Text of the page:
KEGG pathway analysis revealed that the DEGs were enriched in NF-κB signaling pathway, cell adhesion molecules signaling pathway, and cytokine–cytokine receptor interaction signaling pathway. DEGs enriched in NF-κB signaling pathway include the up-regulated genes like CXC chemokine CXCL12, vascular cell-adhesion molecule 1 (VCAM1), urokinase-type plasminogen activator (PLAU), interleukin-1 receptor 1 (IL1R1) and down-regulated genes, such as tumor necrosis factor α-induced protein 3 (TNFAIP3), a negative regulator of TLR signaling pathways [33], and tumor necrosis factor receptor-associated factor 5 (TRAF5), suppressing NF-κB signaling pathway [34]. NF-κB is a transcription factor that regulates the expression of key genes in a variety of immune processes. Functional NF-κB is a complex composed of at least one Rel protein (RelA, RelB, or RelC) and p50 or p52 [35,36]. NF-κB regulated the expression of many AS-associated pro-inflammatory genes, and NF-κB signaling pathway were thought to be key to pro-AS due to their important role in vascular inflammation, vascular smooth muscle cell proliferation or foam cell formation [12,37]. Downstream of NF-κB signaling pathway was release of a variety of cytokines and chemokines which amplified inflammatory response to accelerate the progress of CAD [38–42]. The aberrant activation of NF-κB signaling pathway may promote the migration and adhesion of monocytes in vascular endothelium, accelerating the progress of AS. These DEGs enriched in cell adhesion molecules include up-regulated genes, like cell adhesion molecule 3 (CADM3), E-selectin (SELE), and Claudin 5 (CLDN5), and down-regulated genes, such as neuronal guidance protein neogenin 1 (NEO1), which is suppressing in CD14+ monocytes from CAD patients and its limited expression could induce the polarization of monocytes [43]. These results reflected that the expression changes of genes in some important pathways may contribute to the aberrant activation and functions of monocytes in CAD patients.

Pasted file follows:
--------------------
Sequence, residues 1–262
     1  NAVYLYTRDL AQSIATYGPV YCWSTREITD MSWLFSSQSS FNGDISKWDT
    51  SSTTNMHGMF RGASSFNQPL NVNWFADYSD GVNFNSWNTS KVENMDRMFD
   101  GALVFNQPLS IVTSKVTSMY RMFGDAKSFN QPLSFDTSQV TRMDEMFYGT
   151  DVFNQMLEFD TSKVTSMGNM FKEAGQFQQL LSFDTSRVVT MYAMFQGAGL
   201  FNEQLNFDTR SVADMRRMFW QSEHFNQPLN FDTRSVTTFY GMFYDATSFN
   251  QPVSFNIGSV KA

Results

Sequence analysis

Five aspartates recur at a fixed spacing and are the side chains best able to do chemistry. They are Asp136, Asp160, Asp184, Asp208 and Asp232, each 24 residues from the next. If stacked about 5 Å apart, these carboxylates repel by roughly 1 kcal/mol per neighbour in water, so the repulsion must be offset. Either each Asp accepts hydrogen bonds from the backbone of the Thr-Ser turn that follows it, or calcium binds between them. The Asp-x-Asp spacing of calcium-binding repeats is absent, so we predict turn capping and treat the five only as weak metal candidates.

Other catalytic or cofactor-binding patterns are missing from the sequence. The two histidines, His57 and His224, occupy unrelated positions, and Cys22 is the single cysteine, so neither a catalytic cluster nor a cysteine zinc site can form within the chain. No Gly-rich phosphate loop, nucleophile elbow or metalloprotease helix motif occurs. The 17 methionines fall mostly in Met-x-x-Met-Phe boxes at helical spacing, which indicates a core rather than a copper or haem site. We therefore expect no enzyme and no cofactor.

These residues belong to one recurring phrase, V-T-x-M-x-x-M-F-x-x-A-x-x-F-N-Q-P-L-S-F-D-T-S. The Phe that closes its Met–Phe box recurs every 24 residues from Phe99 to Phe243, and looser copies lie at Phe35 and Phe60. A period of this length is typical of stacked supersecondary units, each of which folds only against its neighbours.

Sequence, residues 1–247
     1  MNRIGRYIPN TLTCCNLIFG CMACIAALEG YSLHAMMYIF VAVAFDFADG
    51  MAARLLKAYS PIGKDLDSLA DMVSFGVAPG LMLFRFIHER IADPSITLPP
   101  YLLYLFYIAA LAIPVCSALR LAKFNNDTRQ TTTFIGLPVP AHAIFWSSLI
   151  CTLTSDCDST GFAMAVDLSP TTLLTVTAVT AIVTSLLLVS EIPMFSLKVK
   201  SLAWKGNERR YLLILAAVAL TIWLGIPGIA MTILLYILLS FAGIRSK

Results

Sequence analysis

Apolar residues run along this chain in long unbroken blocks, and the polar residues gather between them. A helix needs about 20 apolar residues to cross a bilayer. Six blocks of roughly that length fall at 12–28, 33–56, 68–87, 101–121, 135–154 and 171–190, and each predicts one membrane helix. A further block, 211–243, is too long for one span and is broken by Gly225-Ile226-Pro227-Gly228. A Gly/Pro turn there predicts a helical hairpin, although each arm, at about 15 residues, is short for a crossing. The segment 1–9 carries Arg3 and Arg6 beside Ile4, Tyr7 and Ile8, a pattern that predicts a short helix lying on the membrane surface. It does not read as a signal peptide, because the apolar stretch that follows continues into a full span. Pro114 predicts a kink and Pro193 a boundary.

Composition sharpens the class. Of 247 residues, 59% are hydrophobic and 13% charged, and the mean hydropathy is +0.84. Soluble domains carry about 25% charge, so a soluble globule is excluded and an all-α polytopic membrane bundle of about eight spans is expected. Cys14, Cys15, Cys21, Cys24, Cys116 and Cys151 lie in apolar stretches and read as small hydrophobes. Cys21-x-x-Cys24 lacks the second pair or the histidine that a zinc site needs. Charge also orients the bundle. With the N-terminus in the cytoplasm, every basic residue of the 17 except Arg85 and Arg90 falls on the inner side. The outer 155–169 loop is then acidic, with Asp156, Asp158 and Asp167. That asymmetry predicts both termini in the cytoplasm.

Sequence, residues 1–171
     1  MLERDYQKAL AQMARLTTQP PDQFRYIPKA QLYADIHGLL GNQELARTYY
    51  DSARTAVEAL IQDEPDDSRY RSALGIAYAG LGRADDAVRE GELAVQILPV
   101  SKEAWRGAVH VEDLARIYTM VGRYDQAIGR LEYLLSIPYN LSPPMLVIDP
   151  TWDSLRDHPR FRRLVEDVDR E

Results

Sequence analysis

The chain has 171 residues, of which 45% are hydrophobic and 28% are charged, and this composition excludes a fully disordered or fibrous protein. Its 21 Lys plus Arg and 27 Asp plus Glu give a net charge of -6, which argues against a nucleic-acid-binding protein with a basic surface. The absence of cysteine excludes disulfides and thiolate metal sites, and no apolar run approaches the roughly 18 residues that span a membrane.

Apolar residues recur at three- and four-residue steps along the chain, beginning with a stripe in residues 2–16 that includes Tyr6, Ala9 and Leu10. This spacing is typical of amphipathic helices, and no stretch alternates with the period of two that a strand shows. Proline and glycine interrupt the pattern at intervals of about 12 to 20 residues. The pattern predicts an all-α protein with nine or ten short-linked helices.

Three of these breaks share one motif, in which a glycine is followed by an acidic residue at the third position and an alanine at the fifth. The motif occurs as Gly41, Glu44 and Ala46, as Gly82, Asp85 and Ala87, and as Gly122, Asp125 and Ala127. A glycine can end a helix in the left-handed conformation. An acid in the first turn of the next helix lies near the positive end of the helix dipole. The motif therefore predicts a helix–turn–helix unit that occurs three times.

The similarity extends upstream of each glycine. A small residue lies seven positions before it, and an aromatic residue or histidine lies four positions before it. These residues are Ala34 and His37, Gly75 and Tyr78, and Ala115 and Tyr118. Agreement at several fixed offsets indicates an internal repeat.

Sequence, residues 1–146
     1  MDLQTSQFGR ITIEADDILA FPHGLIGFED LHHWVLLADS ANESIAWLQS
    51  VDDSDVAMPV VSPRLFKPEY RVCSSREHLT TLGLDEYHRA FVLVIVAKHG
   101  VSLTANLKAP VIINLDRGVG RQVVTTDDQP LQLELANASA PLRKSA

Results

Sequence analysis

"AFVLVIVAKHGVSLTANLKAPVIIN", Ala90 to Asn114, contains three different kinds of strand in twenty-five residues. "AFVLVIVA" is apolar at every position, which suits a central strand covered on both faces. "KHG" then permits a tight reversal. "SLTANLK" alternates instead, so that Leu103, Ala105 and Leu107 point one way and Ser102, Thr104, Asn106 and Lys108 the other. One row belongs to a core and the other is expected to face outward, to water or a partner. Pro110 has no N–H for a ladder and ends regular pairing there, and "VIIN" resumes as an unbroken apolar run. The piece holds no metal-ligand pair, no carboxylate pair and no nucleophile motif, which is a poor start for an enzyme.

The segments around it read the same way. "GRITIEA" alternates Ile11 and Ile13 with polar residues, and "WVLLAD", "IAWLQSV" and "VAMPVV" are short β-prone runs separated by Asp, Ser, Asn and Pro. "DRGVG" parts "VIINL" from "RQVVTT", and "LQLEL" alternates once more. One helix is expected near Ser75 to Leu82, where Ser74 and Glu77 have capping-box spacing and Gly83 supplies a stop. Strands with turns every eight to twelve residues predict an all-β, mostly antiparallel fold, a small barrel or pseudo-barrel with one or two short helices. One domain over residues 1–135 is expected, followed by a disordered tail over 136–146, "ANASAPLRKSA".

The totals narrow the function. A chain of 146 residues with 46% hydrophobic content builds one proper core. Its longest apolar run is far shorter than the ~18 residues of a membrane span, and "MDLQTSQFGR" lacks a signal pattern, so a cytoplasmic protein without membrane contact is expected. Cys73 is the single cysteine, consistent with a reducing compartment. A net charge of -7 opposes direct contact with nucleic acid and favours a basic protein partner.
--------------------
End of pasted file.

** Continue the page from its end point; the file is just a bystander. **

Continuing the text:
According to expression value and significance, we identified 50 up-regulated genes and 50 down-regulated genes in CAD patients based on the data of RNA-seq (Supplementary Table S6). Furthermore, we selected five up-regulated genes and five down-regulated genes to validate gene expression by RT-qPCR according to the functions of these genes reported by previous publications. FOSL2, is also known as FRA-2, is a component of AP-1 transcription factor family [44]. FOSL2 acts as an important part of cancer [45,46], photoperiodic regulation [47] and T cell differentiation [48]. FOSL2 also regulates the TGF-β signaling pathway, thereby affecting the migration of colon cancer cells [19]. Mutation of HBB, the encoding gene of atypical β globin, is associated with sickle cell anemia, and expression of β-globin promotes cell survival in cancer [49,50]. Oncostatin M (OSM) is a member of the interleukin-6 (IL-6) cytokine family produced by inflammatory cells, which has been reported to induce angiogenesis by up-regulating vascular endothelial growth factor (VEGF) and basic fibroblast growth factor (bFGF) and involve in remodelling of various tissues [51]. PFKFB3 is an enzyme which regulates glycolysis. Studies have shown the role of PFKFB3 in regulation of glycolysis, proliferation, migration, and angiogenesis of cancer cells [52–54]. Interestingly, studies have shown that PFKFB3 as a glycolysis-regulatory enzyme plays an important role in inflammation of macrophages [20], which suggest PFKFB3 is associated with function of pro-inflammation and migration in CD14+ monocytes. PDK4 is a member of pyruvate dehydrogenase kinases which are responsible for the switch from mitochondrial oxidation to cytoplasmic glycolysis and phosphorylating pyruvate dehydrogenase [21]. GTPase RhoB (RHOB) is an important regulator of cytoskeletal organization and vesicle and membrane receptor trafficking [55,56]. The prostaglandin receptor EP4 (PTGER4) is a receptor of PGE2, regulating the action of PGE2 in inflammatory response [57]. Studies have shown that mRNA expression of PTGER4 was up-regulated in THP-1 cells with LPS treatment, following inflammatory activation [22]. The MIP-1α (encoded by CCL3L1) plays an important role in inflammatory responses and regulating of macrophage function [23]. Differentially expressed in normal and neoplastic cells domain containing 2D (DENND2D) is a tumor suppressor gene, regulating Rab GTPases and involved in cancer cell proliferation [58]. ACCS gene encodes the 1-aminocyclopropane-1-carboxylate synthase and has been studied more in plants. These results suggested that four genes including FOSL2, PFKFB3, PDK4, and PTGER4 might be involved in function of migration and pro-inflammation in CD14+ monocytes. So we detected the mRNA expression of four genes in LDL-treated CD14+ monocytes. Abnormal glucose metabolism is involved in progression of CAD which is a chronic inflammatory disease. Monocytes, components of the innate immune system, play an essential role in the initiation and development of AS. As is reported, in monocytes of patients with CAD, overutilization of glucose promotes excessive and prolonged production of the cytokines IL-6 and IL-1β, driving systemic and tissue inflammation [59]. PDK4 is a pyruvate dehydrogenase kinase, regulating glycolysis and phosphorylating pyruvate dehydrogenase [21]. Studies have revealed the up-regulation of PDK4 induced by inflammation in C2C12 cells [60]. And the expression of PDK4 was up-regulated in LDL-treated CD14+ monocytes, suggesting that PDK4 might be involved in inducement of aberrant glycolysis in LDL-treated CD14+ monocytes and associated with abnormal activation of CD14+ monocytes in CAD patients.